Google Analytics

Thursday 31 December 2015

Reviews - Ian Jack: The Country Formerly Known as Great Britain and Paul Kingsnorth: Real England

Ian Jack: The Country Formerly Known as Great Britain and Paul Kingsnorth: Real England
Ian Jack
The Country Formerly Known as Great Britain: Writings 1989-2009 (5*)
Paul Kingsnorth 
Real England: the Battle Against the Bland (4*)

Both these books observe how Britain has changed during the last half century.

Paul Kingsnorth is concerned about the march of corporate consumerism and how it replaces all things distinctive and different with things uniform and meaningless, be they shops, town centres, pubs, canals, farms, orchards, the countryside or communities. He rejects accusations of nostalgia or being anti-progress. His concerns are about the replacement of the good with the not-so-good, and the loss of value and our identities.

Ian Jack is one of the writers I would like to be. His collection of long and short pieces also compares then with now, evocatively merging fact with personal experience. I was especially moved by his analyses of the ideological changes that led to the Hatfield rail crash, the changes to Dunfermline high street, and the demise of the cinemas in Farnworth, Lancashire. There seems little risk of Ian Jack losing his identity - he maintains it through his writing - but in the end he exemplifies Kingsnorth's concerns.

Key to star ratings: 5*** wonderful and hope to read again, 5* wonderful, 4* enjoyed it a lot and would recommend, 3* enjoyable/interesting, 2* didn't enjoy, 1* gave up.

Previous book reviews 

Reviews - David Kynaston's and Dominic Sandbrook's histories of post-war Britain

David Kynaston histories of post-war Britain
David Kynaston
Austerity Britain, 1945-1951 (3*)
Family Britain 1951-1957 (3*)
Modernity Britain (Book 2) 1959-1962 (3*)

Dominic Sandbrook histories of post-war Britain
Dominic Sandbrook
Never had it so good : A History of Britain from Suez to the Beatles (4*)
White Heat: A History of Britain in the Swinging Sixties 1964-1970 (4*)
State of Emergency: The Way We Were: Britain 1970–1974 (4*)
Seasons in the Sun: The Battle for Britain, 1974-1979 (4*)

I have been reading gradually through the enormous Kynaston and Sandbrook tomes - not to be undertaken lightly as one of them recently took me most of the summer. They are worth the effort though. Having lived through much of their periods, they bring back lots of associations. I find Sandbrook for the most part more entertaining, but Kynaston is arguably the more impressive, especially in the rich tapestries he weaves from disparate events all occurring on the same day. (read 2012-2015)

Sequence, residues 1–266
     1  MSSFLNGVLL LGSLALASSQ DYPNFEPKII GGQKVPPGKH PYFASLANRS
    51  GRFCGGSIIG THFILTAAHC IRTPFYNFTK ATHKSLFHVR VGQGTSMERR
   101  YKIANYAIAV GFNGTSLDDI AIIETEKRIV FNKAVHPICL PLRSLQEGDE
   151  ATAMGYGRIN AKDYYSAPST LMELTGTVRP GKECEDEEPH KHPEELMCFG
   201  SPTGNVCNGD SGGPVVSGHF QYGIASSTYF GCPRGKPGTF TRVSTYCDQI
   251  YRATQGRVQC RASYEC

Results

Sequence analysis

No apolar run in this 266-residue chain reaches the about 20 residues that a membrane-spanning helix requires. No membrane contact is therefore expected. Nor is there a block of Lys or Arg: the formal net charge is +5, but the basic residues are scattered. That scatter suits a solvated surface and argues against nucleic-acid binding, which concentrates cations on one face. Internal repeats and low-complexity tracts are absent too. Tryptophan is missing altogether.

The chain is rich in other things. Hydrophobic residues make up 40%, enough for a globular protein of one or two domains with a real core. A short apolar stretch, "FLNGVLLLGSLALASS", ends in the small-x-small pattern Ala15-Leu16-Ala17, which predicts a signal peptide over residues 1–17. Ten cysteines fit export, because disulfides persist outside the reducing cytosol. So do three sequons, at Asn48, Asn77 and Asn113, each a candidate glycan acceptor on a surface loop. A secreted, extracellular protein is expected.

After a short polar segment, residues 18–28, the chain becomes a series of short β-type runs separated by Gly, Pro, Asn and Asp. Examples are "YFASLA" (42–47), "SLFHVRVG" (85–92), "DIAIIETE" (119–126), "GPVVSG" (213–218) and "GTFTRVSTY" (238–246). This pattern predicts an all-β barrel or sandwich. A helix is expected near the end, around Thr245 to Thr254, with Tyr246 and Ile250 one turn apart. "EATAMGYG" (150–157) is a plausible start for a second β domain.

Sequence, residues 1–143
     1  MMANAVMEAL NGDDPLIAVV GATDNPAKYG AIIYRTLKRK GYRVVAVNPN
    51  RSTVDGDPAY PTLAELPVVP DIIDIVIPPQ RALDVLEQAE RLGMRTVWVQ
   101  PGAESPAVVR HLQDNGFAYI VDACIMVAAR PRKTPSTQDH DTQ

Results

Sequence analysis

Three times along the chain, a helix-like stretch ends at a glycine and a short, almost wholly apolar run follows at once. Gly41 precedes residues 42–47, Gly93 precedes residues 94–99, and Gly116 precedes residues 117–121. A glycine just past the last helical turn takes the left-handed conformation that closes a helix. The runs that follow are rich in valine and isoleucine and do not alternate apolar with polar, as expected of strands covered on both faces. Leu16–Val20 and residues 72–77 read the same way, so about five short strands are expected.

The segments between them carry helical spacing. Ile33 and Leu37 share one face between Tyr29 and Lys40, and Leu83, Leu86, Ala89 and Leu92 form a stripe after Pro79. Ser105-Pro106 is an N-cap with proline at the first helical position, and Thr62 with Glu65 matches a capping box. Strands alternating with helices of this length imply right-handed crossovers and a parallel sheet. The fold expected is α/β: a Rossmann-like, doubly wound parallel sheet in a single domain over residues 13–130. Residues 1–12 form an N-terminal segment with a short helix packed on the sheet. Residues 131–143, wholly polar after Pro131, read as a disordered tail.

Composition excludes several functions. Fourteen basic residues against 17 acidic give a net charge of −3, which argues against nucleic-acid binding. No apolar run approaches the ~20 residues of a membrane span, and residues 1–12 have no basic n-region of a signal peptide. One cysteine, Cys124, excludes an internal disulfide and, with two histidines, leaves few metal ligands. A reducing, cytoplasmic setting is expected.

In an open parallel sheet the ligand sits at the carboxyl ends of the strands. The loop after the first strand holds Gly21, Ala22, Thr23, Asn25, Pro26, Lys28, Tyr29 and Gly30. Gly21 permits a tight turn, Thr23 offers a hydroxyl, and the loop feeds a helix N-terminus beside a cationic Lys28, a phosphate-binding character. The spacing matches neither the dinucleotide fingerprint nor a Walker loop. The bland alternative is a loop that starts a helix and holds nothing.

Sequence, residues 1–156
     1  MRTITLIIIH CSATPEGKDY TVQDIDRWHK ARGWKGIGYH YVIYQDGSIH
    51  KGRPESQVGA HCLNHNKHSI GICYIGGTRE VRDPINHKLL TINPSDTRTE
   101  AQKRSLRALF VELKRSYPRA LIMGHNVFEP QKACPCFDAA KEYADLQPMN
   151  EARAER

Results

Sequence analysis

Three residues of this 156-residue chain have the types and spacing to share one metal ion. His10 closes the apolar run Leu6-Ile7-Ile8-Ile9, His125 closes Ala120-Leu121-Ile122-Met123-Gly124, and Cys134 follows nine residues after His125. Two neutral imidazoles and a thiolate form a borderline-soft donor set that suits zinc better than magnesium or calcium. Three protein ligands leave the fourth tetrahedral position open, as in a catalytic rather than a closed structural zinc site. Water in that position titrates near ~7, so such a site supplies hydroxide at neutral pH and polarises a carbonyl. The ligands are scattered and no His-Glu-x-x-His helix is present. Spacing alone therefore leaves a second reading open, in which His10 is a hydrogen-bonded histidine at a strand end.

Key to star ratings: 5*** wonderful and hope to read again, 5* wonderful, 4* enjoyed it a lot and would recommend, 3* enjoyable/interesting, 2* didn't enjoy, 1* gave up.

Previous book reviews 

Thursday 10 December 2015

A Silly Christmas Love Story

And what’s wrong with that? 
This year’s Christmas offering is a story about school dancing.

From mid-November until the end of term, when the rugby pitches slid shirt-soakingly wet from the autumn rains, or scraped skin-scouringly rough from the first hard frosts of winter, games lessons were displaced by dancing practice. The boys and the girls, with their teachers Mr. Ellis and Miss Poskitt, came together in the gym to prepare for the school Christmas party. It was one of just two occasions in the year when games lessons were co-educational (the other being when they all traipsed down to the public swimming baths). The girls tolerated it. The boys felt embarrassed. Miss Poskitt obviously enjoyed it and joined in. Mr. Ellis did not.

The wall bars, climbing ropes, horizontal beams, benches, spring boards, vaulting horses, medicine balls and rubber mats were all stowed away, and the boys and the girls assembled dolefully on opposite sides of the gym.

Mr. Ellis called them all to order. “Gentlemen,” he announced with false gaiety, “please cross the floor and take your partners for the Dashing White Sergeant ... and walk, don’t run,” he added in an exasperated voice on seeing that some boys were already half-way there. “We walk across the floor in a civilised manner and courteously ask the young lady to grant us the honour of the dance.”

Now I know this sounds awful – sexist male chauvinistic objectification you might call it – but it is simply the way things were for thirteen year old boys in the nineteen-sixties. There were some girls you would happily dance with, and others you would not. ‘Nat’ Lofthouse always wanted to dance with Wendy Godley, but as she was pretty, so did everyone else. On the rare occasion he managed to be one of the first to cross the floor, he was usually bundled aside by one of the more civilised and courteous members of the rugby team, and would find himself face to face with Wendy’s friend, Amanda. Even when not one of the first to cross the floor, he still more often than not found himself face to face with Amanda. And when it was a ladies choice, when the claws came out and the fur started to fly, yes, you’ve guessed already, Amanda was always the one to choose him. He began to suspect some kind of conspiracy.

Sadly, Amanda was not one of those girls you wanted to be seen dancing with. It was not just that she wore glasses, and had spots, but more to do with the hideous and rather slimy orthodontic brace that glinted inside her mouth. She was taller than him too. And a little on the hefty side. Why did he have to keep ending up with Amanda?

The class knew The Dashing White Sergeant well. The school only had about half a dozen records to play on its feeble gramophone, so they danced the same dances every year. They went straight into it:

Rum-tum rum-tum, Rum-tum tiddle-liddle, 
Rum-tum rum-tum, Rum-tum tiddle-liddle, 
Rum-tum rum-tum, Rum-tum tee, 
Tiddle-liddle liddle-liddle, Rum tum tum.

The Dashing White Sergeant
The Dashing White Sergeant

The remainder of the afternoon was occupied by a varied choreography of allemande holds, steps forwards, backwards and sideways, two-three-four, hops, spins, do-si-dos, grand chains, polkas, waltzes and two-steps. The willow was well and truly stripped. It was odd though, that whenever you were supposed to progress on to other partners, Nat always found himself back with Amanda at the end. It definitely was a conspiracy.